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Ben Jones
Ben Jones, UK Lawyer
Category: Law
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Experience:  Qualified Solicitor - Please start your question with 'For Ben Jones'
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If an Employee has been given notice of redundancy, along with

Customer Question

If an Employee has been given notice of redundancy, along with 8 weeks notice (8 years service), but chooses to leave before the 8 weeks can they withhold his Redundancy Payments ?
I have always believed that the only money they would lose is money in lieu of notice (if applicable)
Submitted: 1 year ago.
Category: Law
Expert:  Ben Jones replied 1 year ago.
Hello, my name is***** am a qualified lawyer and it is my pleasure to assist you with your question today. Why did he leave early?
Customer: replied 1 year ago.

Because he has another Job.

Expert:  Ben Jones replied 1 year ago.
Has the employee already left?
Customer: replied 1 year ago.

No, he wants to leave, but they said he will lose his redundancy pay.

Expert:  Ben Jones replied 1 year ago.
An employee who has been issued with formal notice of redundancy may want to leave before their notice period expires, for example, because they have found a new job. In this case, the employee can give a written 'counter-notice' to their employer to terminate their employment on an earlier date. This is a right given under section 136(3) of the Employment Rights Act 1996. There are specific rules on how and when this must be given. This is your basic legal position. I have more detailed advice for you in terms of the specific legal requirements on how to use this counter- notice option, which I wish to discuss so please take a second to leave a positive rating for the service so far (by selecting 3, 4 or 5 stars) and I can continue with that and answer any further questions you may have. Don’t worry, there I no extra cost and leaving a rating will not close the question and we can continue this discussion. Thank you
Ben Jones, UK Lawyer
Category: Law
Satisfied Customers: 46809
Experience: Qualified Solicitor - Please start your question with 'For Ben Jones'
Ben Jones and other Law Specialists are ready to help you
Customer: replied 1 year ago.

For Ben Jones

Can you give me the more detailed advice on how to use the counter - notice option please ?

Expert:  Ben Jones replied 1 year ago.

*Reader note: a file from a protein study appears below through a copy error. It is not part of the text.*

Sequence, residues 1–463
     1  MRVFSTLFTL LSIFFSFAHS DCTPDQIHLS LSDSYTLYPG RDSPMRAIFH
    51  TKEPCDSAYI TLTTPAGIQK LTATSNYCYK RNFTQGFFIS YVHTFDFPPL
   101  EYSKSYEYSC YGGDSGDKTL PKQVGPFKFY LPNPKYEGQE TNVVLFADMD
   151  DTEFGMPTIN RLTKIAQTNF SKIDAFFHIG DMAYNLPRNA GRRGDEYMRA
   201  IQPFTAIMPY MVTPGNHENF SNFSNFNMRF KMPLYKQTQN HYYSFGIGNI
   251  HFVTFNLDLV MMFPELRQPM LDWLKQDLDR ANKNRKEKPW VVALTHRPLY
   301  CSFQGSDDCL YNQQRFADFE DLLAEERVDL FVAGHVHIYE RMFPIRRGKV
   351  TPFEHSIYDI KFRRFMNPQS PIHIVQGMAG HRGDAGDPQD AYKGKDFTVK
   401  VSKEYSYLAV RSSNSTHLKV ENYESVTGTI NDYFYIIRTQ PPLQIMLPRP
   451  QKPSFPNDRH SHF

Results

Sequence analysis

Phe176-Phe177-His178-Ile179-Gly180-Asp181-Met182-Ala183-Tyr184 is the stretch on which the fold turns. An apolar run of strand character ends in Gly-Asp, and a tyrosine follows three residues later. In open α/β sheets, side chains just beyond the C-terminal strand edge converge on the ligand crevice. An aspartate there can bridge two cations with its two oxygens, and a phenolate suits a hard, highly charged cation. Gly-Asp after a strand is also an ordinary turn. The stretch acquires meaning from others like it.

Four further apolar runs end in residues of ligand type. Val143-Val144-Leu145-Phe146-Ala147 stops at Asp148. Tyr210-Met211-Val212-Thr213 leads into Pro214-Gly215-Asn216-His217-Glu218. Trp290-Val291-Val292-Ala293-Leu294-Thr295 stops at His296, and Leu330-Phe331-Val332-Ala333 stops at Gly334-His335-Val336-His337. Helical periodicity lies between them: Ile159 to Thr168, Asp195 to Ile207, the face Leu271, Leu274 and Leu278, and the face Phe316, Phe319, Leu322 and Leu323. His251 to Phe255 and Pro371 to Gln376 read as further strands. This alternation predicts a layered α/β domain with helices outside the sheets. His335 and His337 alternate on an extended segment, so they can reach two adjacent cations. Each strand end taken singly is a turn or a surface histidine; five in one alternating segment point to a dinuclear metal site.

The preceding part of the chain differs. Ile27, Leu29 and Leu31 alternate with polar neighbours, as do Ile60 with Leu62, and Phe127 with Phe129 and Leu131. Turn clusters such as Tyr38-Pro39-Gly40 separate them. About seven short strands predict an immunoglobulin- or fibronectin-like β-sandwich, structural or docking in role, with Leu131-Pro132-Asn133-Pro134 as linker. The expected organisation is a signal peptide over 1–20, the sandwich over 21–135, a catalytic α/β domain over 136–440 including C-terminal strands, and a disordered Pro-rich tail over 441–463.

For the counter-notice to be legally valid it must be submitted within a specific time period:· If there is no contract of employment and, in turn, no contractual notice period, the request must be submitted within the employee's statutory notice period (1 week for every full year of service) - for example if an employee with 4 years' service is made redundant and the employer issues them with their 4 week notice period, the request must be made within these 4 weeks· If there is a contractual notice period which has been issued by the employer - within that notice period; If the employee serves their counter-notice correctly and the employer either accepts it or does nothing, the employee's employment will terminate on the date specified in the counter-notice. The employee's entitlement to their statutory redundancy payment will not be affected.However, if the employer refuses the employee's counter-notice, the employee can apply to an employment tribunal for an "appropriate payment" (that being the whole of the redundancy payment the employee would have been entitled to, or part of it). In deciding whether to award such a payment, the tribunal will consider whether it was reasonable to do so in the circumstances, given both the reasons the employee had for wishing to leave early and the reasons the employer had for requiring them to remain in employment until the expiry of their notice period. For example, if the reason for the counter notice was to start a new job and mitigate the effects of redundancy and the current employer did not urgently require the employee to remain and work their notice period, it is a situation that will work in the employee's favour.

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